LA GRANDE — Opponents of the drive to get a single-payer government health care system established in the United States often argue that patients in nations with nationalized health care must wait long periods for doctor appointments.

This is not the case in the United Kingdom, which has a single-payer system, according to Wayne Hill of England. Hill discussed the UK’s National Health Service system with representatives of the Union County chapter of Health Care for All Oregon on Friday, March 19, via a Zoom conference.

Hill, speaking from England, said waiting time is not an issue in the United Kingdom. He said everyone who needs to see a doctor can do so promptly.

“The waiting list is determined by the level of urgency,” said Hill, who grew up in California and has lived in England for 30 years.

Hill also said if people cannot get an appointment as soon as they want to, they often can by checking back to see if openings were created by patient cancellations.

“If you stay in touch you can get an earlier appointment,” he said.

When there are longer waits for appointments, Hill said, they are often for less urgent procedures, including those related to the need for hip and knee replacement operations.

Hill is the brother of Vivian Young of La Grande, who is a member of the Union County chapter of Health Care for All Oregon, which is striving to help Oregon and the United States change to a single-payer health care system.

Hill said he is impressed with the level of care he receives in England.

“It is very satisfactory for me,” the writer and artist said.

Hill said doctors tend to meet with patients six or 12 minutes at a time. He said physicians listen intently to their patients.

“They are very caring,” he said. “There is a real sense of compassion.”

He said everyone in the United Kingdom is eligible for NHS care, even those who are just visiting.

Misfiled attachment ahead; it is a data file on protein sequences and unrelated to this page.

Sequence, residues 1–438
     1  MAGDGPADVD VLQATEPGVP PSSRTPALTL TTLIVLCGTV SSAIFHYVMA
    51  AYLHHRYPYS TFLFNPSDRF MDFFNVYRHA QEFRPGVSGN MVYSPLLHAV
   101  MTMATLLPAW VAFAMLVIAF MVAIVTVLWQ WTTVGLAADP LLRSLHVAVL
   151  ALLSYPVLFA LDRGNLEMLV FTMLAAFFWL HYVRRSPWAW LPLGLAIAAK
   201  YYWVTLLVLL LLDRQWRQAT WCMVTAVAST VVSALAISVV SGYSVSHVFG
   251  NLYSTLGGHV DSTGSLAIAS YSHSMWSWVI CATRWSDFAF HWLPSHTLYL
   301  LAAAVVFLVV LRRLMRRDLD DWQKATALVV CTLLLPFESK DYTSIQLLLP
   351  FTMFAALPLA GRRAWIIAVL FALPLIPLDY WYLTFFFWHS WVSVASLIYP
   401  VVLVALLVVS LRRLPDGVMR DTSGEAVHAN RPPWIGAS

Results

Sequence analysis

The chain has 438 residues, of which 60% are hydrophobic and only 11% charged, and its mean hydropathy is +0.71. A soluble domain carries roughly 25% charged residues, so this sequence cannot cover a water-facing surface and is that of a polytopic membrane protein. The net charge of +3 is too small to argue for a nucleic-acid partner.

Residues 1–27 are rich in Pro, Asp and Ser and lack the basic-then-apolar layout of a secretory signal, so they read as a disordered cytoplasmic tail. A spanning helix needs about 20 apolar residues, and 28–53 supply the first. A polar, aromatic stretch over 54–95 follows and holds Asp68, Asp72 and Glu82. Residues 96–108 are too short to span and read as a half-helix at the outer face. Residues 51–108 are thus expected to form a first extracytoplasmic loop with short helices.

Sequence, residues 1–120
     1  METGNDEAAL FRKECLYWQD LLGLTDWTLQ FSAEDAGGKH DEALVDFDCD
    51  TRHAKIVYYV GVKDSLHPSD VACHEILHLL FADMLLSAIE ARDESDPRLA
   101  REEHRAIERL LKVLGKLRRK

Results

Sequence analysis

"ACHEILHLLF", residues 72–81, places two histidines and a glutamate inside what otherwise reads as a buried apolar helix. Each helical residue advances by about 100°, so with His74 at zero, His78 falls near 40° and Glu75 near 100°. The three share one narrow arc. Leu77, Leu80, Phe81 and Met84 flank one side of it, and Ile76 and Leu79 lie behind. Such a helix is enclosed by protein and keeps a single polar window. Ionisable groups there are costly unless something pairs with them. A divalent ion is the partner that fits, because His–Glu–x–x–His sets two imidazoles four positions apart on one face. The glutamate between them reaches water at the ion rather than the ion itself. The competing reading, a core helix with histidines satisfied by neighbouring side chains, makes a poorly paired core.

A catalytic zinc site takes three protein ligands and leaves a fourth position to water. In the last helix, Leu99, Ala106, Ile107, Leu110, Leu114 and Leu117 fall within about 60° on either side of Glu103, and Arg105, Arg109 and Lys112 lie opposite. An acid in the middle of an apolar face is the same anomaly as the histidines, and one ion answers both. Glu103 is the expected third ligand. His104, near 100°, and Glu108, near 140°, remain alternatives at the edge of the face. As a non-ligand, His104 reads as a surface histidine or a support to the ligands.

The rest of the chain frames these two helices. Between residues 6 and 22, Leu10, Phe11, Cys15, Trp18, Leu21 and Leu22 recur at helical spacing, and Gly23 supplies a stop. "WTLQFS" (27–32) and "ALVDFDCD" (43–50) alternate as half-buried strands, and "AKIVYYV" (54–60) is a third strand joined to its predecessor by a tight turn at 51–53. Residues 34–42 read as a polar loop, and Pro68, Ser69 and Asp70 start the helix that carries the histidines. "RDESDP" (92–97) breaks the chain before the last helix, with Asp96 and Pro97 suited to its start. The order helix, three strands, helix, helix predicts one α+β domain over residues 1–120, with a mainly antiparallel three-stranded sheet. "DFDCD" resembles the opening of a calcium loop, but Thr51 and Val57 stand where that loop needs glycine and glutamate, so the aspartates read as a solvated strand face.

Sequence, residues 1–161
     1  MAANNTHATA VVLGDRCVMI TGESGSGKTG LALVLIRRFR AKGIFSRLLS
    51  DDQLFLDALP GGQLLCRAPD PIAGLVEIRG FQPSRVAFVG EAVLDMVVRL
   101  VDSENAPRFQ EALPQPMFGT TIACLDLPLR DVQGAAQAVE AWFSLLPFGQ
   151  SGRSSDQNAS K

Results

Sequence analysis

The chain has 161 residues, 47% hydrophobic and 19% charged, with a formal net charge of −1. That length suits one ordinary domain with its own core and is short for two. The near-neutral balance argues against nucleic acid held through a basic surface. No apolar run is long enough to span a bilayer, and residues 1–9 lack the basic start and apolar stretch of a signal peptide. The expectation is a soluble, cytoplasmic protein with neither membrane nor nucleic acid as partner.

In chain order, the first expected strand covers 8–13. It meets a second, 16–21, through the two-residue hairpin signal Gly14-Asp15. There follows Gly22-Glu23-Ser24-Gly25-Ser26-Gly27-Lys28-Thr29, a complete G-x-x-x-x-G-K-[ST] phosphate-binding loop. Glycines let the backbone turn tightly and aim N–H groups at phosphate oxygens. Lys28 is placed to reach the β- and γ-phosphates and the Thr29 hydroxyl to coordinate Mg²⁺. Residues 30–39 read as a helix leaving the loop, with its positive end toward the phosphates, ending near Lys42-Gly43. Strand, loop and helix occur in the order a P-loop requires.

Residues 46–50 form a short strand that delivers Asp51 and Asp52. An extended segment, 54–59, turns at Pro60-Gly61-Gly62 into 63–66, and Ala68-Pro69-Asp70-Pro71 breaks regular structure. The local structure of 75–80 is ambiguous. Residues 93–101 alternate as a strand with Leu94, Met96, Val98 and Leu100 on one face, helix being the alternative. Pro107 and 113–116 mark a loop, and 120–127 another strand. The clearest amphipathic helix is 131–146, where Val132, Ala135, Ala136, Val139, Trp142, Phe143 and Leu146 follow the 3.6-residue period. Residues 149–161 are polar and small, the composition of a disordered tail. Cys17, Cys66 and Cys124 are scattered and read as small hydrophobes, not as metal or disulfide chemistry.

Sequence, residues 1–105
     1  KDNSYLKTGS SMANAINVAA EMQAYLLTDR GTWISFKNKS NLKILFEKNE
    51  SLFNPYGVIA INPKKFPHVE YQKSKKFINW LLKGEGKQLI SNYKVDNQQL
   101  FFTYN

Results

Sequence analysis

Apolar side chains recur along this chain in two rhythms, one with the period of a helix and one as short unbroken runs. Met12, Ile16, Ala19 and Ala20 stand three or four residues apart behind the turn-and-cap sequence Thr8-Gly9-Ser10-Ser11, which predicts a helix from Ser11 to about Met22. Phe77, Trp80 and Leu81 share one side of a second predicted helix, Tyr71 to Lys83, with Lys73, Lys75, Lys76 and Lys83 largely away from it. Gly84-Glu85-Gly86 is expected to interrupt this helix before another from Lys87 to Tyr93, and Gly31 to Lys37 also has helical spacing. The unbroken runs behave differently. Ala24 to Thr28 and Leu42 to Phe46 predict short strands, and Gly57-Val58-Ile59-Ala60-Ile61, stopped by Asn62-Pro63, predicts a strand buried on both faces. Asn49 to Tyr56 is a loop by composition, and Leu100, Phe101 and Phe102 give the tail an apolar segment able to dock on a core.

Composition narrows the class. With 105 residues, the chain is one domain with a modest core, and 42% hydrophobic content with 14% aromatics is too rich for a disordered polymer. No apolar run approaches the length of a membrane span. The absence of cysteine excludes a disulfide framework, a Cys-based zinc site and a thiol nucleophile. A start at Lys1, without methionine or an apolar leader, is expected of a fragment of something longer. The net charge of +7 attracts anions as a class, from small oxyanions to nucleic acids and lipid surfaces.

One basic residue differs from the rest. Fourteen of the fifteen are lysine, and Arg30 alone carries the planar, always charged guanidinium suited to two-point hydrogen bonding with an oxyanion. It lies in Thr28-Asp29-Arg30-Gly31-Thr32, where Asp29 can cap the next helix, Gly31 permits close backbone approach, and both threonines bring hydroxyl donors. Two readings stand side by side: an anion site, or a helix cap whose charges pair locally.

“If you are here you can get care,” Hill said.

The system, though, does have shortcomings. For example, it is harder to get scans for skin conditions, said Hill’s wife, Lynn Relfe, who also grew up in California. She said some doctors in the UK view skin issues as more of a cosmetic issue. Relfe noted she has small growths on her skin as a result of sun exposure while growing up in California. Hill said after she drew this to the attention of dermatologists in the UK she had no trouble getting appointments for skin scans.

Relfe noted doctors in Great Britain see fewer skin conditions related to sun exposure because the United Kingdom receives less sunshine than many other places.

Hill said national health care became apparent during World War II when children were often sent to rural areas where they would be safe from German bombing attacks. It was then that it became evident that many children were growing up in impoverished circumstances.

“It created a domestic awareness of what people need,” he said.

Great Britain’s National Health Service was established in 1948, three years after World War II.

Hill noted NHS doctors and staff are so highly regarded that Great Britain’s government sparked a controversy recently when it provided them with a 1% pay increase. He said many believe they deserved much more, especially because of what they have been put through due to the COVID-19 pandemic over the past 12 months.

“There is national outrage,” he said.

Physicians and other health care workers, Hill said, are revered.

“They are our real heroes,” he said. “They have been stars.”

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General assignment reporter

Beats include the communities of North Powder, Imbler, Island City and Union, education, Union County veterans programs and local history. Dick joined The Observer in 1983, first working as a sports and outdoors reporter.

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